Frustration is growing over the ‘disgusting state’ of grassy areas

Tom Murray highlights the continuing problem with grass being cut on the Howard Estate at different times by Havebury and St Edmundsbury so it's at different lengths throughout the estate.
Tom Murray highlights the continuing problem with grass being cut on the Howard Estate at different times by Havebury and St Edmundsbury so it's at different lengths throughout the estate.
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Residents are growing increasingly frustrated by the untidy appearance of grass on their Bury St Edmunds estate.

Grass cutting schedules have been a problem on the Howard Estate for around 10 years, since Havebury Housing Partnership took over responsibility for some areas.

Those Havebury did not adopt have remained the responsibility of St Edmundsbury Borough Council, which also has the contract to cut grass in the borough owned by Suffolk County Council.

The problem is that both organisations have different contractors working to different schedules, resulting in grass of varying lengths being visible throughout the estate.

Resident Tom Murray labelled some areas ‘a disgusting state’, with the grass so high that litter and dog foul was being left in it. In Oakes Road, he said, the length of grass varied from 6.5 inches to more than 12 inches.

He said: “We’re getting concerned because people are leaving rubbish in it and not picking up their dog mess and God knows what it’s going to look like when they do cut it.”

Ernie Broom, chairman of the Howard Estate Association of Residents and Tenants (Heart), said he did not understand why both organisations could not share the cost of hiring one contractor to cut the whole estate.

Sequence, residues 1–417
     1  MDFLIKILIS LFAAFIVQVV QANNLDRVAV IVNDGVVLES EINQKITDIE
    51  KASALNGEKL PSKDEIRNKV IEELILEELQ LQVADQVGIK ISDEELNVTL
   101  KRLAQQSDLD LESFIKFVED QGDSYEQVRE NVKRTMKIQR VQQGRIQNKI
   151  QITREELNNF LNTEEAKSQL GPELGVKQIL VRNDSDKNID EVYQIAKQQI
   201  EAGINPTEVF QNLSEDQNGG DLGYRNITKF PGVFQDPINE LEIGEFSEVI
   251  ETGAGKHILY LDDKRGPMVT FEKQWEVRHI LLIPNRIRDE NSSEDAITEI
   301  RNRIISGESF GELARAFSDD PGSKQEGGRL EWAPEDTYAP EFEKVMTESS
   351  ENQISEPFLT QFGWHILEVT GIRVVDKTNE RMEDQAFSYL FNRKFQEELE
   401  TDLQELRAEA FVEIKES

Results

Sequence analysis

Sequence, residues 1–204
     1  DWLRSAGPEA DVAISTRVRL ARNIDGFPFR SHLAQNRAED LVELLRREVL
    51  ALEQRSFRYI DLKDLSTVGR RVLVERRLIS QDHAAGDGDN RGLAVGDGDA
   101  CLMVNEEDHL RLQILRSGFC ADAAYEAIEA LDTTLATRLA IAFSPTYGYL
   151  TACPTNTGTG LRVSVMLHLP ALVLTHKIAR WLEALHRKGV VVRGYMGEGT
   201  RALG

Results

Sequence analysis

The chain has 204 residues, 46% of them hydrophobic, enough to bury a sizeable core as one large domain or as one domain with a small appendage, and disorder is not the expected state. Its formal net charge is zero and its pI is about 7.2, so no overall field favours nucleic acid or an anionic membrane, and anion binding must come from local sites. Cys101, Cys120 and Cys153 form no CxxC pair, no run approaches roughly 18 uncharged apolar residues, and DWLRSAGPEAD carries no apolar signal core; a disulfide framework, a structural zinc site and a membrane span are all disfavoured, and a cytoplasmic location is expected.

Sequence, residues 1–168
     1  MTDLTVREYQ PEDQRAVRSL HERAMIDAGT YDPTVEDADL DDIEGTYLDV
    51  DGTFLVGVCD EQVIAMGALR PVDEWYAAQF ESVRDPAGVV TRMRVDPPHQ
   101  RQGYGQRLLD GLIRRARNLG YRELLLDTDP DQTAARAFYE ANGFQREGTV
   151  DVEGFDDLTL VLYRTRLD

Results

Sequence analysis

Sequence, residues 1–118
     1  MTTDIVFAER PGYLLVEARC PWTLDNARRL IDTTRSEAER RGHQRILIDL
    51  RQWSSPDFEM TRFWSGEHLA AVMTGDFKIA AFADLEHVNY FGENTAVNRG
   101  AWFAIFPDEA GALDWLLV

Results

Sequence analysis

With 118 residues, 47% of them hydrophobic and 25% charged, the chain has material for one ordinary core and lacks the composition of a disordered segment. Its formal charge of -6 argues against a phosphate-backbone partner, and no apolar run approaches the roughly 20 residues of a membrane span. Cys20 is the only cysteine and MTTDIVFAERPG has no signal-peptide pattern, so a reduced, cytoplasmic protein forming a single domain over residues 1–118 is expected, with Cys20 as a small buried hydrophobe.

Paul Hopfensperger, borough councillor for the St Olaves ward, said:It’s bureaucracy gone mad. We’ve got one piece of land sitting there that’s six inches to a foot tall in grass and the other side neatly trimmed. The people of the St Oalves ward are rightly frustrated and I think we need to bang heads together to sort this out so there’s one consistent level of grass throughout the estate.”

In April, Havebury appointed a new grounds maintenance contractor, following a tendering process for which the borough council made an unsuccessful bid.

Mr Murray said: “We know it’s a new contractor but it’s not rocket science. We don’t expect lawns and bowling greens, we just expect neat and tidy.”

Philip Sullivan, director of operations at Havebury, said: “It is important to Havebury that our open spaces are attractive and that residents can be proud of where they live.

“Working with our new contractor, Ground Control, we’re committed to ensuring the performance of the contract and standards of service are excellent.

“The need for some improvements has been identified and we’re working closely with Ground Control to ensure that appropriate action is taken.

“Where ownership of open spaces is split between Havebury and the borough council, we are both committed to exploring opportunities on how local coordination can be improved.”

A council spokeswoman said: “Although our bid was not accepted, it does not prevent us from working as closely as we can to coordinate grass cutting and we look forward to establishing good communications with Havebury’s contractors to allow this to happen.”

Mr Hopfensperger said: “It’s not good enough. They need to sit down together and work out a plan. I always say if you fail to plan, you plan to fail and they’re not planning this correctly. Both contracts need to be up for grabs together and one contractor given the job.”